posted on Jul, 2 2009 @ 03:50 PM
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First images are starting to show up
Source


Calibration image


[edit on 7/2/2009 by Phage]



posted on Jul, 2 2009 @ 04:03 PM
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Originally posted by VitalOverdose
When do we get to see evidence of all the moon landing sites then?

After they have had time to take the pics and add CGI?

Actually I personally suspect they'll try to image tranquility base on or before the 40th anniversary rolls around. You've already come to your conlusion before seeing the first pixel though, so it's obvious that no amount of evidence will convince you it wasn't fake.

[edit on 2-7-2009 by ngchunter]



posted on Jul, 2 2009 @ 05:18 PM
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Seeing pics of all the landing sites before the the probe had time to make a few orbits while its 'cams warmed up' would have gone a long way to making me a believer.



posted on Jul, 2 2009 @ 05:35 PM
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reply to post by VitalOverdose
 

I think they were more concerned about making sure every thing worked properly and not burning anything out than convincing you that the moon landings were not hoaxed.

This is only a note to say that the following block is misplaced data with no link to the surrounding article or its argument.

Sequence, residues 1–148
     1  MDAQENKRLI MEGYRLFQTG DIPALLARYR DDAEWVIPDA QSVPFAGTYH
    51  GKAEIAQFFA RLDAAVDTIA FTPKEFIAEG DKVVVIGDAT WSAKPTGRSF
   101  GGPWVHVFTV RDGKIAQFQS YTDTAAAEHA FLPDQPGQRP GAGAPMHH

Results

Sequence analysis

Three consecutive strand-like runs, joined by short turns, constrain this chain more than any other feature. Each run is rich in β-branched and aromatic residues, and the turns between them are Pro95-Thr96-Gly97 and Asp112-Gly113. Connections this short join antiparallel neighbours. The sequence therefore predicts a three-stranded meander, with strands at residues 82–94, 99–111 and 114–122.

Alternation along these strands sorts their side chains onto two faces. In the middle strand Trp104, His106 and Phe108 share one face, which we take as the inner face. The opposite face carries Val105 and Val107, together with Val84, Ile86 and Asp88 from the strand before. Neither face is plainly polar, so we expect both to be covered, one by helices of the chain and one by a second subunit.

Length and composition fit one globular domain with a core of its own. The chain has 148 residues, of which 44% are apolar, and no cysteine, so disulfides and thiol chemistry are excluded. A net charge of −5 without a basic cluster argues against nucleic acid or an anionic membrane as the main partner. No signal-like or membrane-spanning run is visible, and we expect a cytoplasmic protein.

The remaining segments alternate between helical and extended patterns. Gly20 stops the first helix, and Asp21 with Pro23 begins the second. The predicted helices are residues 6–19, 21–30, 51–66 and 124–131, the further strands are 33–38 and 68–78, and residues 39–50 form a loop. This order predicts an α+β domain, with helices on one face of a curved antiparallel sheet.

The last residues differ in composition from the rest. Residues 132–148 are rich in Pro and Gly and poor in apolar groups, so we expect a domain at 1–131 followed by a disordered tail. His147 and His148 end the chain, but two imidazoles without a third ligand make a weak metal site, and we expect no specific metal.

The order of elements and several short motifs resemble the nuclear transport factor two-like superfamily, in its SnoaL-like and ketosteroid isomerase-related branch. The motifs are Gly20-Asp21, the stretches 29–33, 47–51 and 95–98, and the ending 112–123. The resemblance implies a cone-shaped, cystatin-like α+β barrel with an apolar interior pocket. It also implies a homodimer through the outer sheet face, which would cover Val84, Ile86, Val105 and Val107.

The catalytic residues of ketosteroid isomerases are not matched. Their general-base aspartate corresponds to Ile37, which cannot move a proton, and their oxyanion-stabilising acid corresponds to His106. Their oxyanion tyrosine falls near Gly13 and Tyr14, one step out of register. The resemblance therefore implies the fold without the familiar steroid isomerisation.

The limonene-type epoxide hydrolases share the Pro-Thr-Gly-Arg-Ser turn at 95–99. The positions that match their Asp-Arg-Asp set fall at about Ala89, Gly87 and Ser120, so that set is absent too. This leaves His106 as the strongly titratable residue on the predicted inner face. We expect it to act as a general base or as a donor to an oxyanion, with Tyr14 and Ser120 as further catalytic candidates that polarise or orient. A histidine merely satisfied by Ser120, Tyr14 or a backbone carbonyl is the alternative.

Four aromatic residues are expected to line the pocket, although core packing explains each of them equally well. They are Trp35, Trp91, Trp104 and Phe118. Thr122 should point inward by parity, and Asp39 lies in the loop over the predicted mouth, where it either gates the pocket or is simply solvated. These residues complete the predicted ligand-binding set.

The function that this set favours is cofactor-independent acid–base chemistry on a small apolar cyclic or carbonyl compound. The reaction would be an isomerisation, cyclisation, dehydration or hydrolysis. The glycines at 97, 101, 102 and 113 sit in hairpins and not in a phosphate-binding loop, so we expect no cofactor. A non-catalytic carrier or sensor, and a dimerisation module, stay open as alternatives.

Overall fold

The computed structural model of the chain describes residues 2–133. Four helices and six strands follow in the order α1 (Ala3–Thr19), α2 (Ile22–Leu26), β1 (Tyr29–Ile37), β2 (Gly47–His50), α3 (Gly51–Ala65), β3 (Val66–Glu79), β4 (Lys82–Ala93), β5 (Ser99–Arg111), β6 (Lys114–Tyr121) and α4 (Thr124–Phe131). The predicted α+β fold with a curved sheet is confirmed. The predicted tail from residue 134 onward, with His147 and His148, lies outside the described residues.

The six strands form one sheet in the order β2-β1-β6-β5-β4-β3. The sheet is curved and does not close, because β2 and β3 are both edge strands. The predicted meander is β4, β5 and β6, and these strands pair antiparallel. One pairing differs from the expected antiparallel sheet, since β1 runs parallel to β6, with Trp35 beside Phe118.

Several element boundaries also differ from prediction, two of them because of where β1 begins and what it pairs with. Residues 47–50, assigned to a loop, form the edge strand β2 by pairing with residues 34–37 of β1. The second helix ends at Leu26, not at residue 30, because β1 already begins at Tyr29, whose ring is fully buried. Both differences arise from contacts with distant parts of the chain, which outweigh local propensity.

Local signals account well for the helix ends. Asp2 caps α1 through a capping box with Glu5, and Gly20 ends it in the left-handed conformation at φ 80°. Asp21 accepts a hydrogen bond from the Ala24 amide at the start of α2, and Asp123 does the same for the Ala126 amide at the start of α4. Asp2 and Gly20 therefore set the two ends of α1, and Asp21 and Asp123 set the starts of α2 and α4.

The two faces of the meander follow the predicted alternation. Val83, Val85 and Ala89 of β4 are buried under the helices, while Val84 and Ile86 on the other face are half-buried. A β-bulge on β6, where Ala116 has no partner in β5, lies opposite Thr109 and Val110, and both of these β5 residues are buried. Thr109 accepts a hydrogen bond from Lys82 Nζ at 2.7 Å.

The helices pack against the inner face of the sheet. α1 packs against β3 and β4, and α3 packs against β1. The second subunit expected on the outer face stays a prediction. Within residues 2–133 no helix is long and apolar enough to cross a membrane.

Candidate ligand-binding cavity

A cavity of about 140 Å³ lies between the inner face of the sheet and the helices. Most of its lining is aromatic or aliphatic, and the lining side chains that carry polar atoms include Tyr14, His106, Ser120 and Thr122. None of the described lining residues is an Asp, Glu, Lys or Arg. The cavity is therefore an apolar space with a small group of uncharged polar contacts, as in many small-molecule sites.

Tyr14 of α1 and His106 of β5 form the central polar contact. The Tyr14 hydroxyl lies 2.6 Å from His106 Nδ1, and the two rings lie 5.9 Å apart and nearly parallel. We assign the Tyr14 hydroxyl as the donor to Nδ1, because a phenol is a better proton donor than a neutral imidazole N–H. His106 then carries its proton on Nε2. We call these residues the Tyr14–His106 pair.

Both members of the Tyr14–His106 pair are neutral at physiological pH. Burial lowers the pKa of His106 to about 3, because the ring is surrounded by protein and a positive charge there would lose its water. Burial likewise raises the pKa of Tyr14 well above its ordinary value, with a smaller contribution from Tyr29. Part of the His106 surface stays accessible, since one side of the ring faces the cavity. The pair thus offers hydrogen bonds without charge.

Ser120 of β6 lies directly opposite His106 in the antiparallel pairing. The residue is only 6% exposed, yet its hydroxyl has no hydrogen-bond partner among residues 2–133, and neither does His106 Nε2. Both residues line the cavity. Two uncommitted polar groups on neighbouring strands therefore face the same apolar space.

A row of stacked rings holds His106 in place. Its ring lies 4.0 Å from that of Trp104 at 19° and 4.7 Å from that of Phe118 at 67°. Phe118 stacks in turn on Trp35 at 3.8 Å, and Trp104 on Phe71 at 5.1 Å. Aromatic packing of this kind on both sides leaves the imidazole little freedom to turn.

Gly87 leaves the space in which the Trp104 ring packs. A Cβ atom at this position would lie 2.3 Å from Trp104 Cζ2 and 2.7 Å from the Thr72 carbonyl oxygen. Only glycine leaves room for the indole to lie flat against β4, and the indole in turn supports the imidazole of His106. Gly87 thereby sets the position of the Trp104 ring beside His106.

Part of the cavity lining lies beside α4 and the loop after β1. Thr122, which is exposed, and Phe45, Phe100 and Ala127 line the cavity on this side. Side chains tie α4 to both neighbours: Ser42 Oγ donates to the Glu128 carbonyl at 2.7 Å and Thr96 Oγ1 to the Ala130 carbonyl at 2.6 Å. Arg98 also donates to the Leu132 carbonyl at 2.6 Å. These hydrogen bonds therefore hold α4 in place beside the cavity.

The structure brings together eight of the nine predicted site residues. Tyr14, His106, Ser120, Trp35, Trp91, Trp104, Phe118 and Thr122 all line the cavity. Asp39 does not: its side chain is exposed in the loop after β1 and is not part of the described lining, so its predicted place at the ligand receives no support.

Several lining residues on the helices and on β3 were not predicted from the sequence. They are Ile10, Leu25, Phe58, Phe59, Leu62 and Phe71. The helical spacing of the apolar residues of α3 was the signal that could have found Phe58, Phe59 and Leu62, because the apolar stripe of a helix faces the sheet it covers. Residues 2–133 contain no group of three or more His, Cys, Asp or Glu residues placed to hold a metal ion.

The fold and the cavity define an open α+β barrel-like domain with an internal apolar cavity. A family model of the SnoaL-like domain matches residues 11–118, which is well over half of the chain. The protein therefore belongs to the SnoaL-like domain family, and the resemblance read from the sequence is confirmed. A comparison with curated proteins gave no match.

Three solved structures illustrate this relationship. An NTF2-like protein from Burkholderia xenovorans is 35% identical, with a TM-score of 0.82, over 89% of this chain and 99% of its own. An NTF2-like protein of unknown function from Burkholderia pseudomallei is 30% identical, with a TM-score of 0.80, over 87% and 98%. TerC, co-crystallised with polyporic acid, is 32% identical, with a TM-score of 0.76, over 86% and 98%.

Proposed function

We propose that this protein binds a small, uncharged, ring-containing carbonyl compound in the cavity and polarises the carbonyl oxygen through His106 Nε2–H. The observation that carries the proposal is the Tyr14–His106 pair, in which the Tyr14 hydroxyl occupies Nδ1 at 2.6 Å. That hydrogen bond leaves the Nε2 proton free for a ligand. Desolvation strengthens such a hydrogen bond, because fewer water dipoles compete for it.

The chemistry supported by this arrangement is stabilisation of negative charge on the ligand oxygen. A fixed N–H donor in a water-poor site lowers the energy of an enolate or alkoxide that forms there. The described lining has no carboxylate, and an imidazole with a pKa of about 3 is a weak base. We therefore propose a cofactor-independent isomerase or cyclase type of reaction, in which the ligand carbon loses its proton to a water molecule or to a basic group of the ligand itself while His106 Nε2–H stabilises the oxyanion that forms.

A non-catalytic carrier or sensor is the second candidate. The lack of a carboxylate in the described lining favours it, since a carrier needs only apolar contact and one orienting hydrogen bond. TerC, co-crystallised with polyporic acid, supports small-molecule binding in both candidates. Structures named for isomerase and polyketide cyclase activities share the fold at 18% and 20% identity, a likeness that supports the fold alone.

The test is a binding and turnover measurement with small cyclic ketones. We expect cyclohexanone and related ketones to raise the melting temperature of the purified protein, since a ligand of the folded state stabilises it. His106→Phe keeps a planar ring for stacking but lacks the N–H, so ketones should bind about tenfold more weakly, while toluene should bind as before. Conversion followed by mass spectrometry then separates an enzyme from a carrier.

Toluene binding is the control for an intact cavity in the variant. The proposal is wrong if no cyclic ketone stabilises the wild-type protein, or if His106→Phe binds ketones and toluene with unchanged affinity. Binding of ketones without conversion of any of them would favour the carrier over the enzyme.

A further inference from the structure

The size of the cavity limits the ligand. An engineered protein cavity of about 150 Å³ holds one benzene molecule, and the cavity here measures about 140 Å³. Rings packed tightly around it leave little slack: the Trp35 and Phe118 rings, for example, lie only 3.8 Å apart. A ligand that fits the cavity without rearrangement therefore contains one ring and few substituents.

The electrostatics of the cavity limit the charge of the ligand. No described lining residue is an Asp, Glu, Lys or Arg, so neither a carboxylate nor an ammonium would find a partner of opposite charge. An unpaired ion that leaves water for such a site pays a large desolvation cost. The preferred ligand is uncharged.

posted on Jul, 2 2009 @ 06:19 PM
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Originally posted by Phage
reply to post by VitalOverdose
 

I think they were more concerned about making sure every thing worked properly and not burning anything out than convincing you that the moon landings were not hoaxed.


I don't doubt your right there phage im just saying its a shame it happened that way as its just going to cast more doubt over the validity of the final pics.


jra

posted on Jul, 3 2009 @ 01:22 AM
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Originally posted by VitalOverdose
Seeing pics of all the landing sites before the the probe had time to make a few orbits while its 'cams warmed up' would have gone a long way to making me a believer.


How could they get pics of all the landing sites before the probe had time to make a few orbits? You do realize that there are 6 landing sites, all in different areas of the Moon right? Plus LRO wasn't in the proper orbit when it first entered Lunar orbit. It was in a 220 km by 3100 km and then it spent 5 days adjusting its orbit to a 30 km by 199 km commissioning orbit. The probe is still in a commissioning phase and isn't even in it's final orbit yet. It takes time allow each team to turn on, test and calibrate each of the 7 instruments on board.

Space probes do not operate like a consumer product. You don't just push the power button and start taking pictures right away. Everything has to be checked out to make sure it's all working properly. You don't want to risk doing something that causes a $500 million dollar spacecraft to shutdown or not work properly.